Early Joint Attention and its Influence on Socio-Emotional Development and Language Skills

dc.contributorYoshida, Hanako
dc.contributorSun, Lichao
dc.contributor.authorMacias Zuniga, Maria Jose
dc.contributor.authorPerkovich, Elizabeth
dc.description.abstractEarly experiences of joint attention (JA) which infants and their social partner attend to regions of interest have been shown to predict vocabulary (e.g., Salo, 2018) and socio-emotional (SE) development (e.g., Aitken et al., 2020). These studies use small time intervals of 1-2 years between visits, and JA abilities are measured through parental reports or observed play, which lack objective measurement. This has led to a lack of knowledge about how socially-coordinated gaze behaviors (JA) during toddlerhood (1-2 years) predicts later vocabulary and SE development during preschool (4-5 years), and the documented relationships rely on subjective measures of JA. To characterize the role of IJA and RJA experiences in a social context on later vocabulary/SE development, we asked 14 parent-child dyads to participate in an object play session during their first visit (T1) wearing head-mounted eye trackers in which we measured the frequency and duration of IJA and RJA from the dyad's egocentric perspectives. During their second visit (T2), parents completed the Ages & Stages Questionnaire: Socio-Emotional (ASQ:SE-2; Squires et al., 2015) and children completed the Peabody Picture Vocabulary Test (PPVT-4; Dunn & Dunn, 2007) and the Expressive Vocabulary Test (EVT-2; Williams, 2007). The results showed a significant relation between IJA duration and PPVT-4 standard scores (p = .039) and between RJA duration and ASQ:SE-2 social-emotional scores (p = .013). The results are predictive of children's later vocabulary and social-emotional development, which are critical to school readiness skills (Martoccio et al., 2014).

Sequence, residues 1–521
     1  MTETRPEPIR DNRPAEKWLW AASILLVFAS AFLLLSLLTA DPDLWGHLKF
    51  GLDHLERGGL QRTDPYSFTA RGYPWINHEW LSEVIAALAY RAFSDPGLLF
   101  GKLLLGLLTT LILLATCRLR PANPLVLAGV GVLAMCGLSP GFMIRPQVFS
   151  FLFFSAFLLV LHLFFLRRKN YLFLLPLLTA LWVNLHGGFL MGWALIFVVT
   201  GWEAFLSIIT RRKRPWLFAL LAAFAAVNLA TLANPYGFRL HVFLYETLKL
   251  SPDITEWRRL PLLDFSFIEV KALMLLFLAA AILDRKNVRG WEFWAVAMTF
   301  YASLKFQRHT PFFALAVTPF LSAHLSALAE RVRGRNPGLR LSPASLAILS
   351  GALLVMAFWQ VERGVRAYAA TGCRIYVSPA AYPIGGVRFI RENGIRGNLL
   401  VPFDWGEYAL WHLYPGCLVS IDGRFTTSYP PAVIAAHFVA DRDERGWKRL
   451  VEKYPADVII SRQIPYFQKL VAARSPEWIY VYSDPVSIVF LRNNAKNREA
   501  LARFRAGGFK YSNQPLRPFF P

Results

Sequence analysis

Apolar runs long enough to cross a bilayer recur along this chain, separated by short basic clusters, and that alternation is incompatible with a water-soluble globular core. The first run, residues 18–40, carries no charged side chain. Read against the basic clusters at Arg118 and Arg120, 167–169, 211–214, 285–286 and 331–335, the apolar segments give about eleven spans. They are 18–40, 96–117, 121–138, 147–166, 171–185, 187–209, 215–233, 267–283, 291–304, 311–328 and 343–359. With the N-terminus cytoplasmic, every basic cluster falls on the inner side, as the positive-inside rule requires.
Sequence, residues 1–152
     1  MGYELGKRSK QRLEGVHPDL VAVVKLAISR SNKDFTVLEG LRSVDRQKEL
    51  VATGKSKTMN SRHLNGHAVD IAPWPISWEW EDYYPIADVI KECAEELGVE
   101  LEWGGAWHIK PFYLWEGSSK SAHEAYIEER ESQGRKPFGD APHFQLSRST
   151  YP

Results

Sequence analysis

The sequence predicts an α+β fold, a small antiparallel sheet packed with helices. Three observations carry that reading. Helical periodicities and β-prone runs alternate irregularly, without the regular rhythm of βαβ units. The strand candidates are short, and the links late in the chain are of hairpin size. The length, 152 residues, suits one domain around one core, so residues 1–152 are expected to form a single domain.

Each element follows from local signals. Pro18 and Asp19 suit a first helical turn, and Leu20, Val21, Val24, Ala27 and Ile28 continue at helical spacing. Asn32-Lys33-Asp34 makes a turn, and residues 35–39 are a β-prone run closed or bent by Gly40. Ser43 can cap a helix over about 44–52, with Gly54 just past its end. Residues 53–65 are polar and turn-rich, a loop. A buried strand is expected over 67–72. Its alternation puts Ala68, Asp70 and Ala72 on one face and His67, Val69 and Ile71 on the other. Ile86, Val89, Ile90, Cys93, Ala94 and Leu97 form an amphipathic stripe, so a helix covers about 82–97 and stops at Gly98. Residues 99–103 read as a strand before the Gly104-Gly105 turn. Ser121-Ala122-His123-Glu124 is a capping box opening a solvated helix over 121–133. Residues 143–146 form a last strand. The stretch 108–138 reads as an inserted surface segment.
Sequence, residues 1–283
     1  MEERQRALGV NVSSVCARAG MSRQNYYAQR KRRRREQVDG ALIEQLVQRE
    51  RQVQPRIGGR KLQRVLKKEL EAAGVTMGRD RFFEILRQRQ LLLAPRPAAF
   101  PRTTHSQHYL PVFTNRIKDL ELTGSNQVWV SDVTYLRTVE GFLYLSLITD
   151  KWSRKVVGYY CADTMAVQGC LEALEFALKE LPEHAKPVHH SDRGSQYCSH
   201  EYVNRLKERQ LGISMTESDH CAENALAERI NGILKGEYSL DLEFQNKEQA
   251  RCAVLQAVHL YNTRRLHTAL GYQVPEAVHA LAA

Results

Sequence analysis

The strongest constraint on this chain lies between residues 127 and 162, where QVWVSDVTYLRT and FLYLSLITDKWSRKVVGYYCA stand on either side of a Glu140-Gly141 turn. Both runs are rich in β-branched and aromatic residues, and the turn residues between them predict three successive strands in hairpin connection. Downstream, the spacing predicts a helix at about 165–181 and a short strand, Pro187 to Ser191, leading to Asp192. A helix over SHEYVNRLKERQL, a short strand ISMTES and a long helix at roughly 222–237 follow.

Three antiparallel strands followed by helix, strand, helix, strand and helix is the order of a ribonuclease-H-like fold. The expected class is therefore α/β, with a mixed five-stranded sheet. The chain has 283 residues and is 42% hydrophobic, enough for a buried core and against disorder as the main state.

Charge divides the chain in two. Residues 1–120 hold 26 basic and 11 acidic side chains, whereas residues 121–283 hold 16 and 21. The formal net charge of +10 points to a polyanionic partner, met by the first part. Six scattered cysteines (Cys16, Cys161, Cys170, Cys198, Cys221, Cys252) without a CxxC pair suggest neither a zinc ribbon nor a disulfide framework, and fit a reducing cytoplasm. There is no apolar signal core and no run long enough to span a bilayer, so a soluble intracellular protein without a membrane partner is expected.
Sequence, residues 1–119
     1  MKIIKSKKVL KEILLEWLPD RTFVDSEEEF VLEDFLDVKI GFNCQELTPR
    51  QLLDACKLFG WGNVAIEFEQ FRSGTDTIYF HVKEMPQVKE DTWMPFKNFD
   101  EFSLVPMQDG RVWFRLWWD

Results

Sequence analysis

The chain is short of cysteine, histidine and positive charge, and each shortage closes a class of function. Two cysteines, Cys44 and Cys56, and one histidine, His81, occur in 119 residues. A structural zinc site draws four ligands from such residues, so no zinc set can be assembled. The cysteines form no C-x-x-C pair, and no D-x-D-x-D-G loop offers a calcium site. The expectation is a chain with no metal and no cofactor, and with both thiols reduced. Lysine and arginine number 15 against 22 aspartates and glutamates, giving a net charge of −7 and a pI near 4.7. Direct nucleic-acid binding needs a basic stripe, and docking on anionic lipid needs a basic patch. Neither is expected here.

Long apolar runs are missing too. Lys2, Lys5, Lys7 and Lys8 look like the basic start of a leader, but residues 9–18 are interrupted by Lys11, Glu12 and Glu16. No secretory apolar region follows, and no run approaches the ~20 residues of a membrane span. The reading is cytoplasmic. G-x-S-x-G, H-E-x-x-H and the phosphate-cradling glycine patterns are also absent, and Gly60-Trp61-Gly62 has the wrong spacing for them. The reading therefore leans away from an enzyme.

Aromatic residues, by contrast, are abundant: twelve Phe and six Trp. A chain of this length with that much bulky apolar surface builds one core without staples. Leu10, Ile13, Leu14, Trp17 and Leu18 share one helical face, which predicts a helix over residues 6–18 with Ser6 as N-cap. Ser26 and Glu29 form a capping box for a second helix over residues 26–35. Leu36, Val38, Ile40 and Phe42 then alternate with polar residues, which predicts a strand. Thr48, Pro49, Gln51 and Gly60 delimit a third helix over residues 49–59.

dc.description.departmentPsychology, Department of
dc.description.departmentHonors College
dc.relation.ispartofSummer Undergraduate Research Fellowship
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dc.titleEarly Joint Attention and its Influence on Socio-Emotional Development and Language Skills


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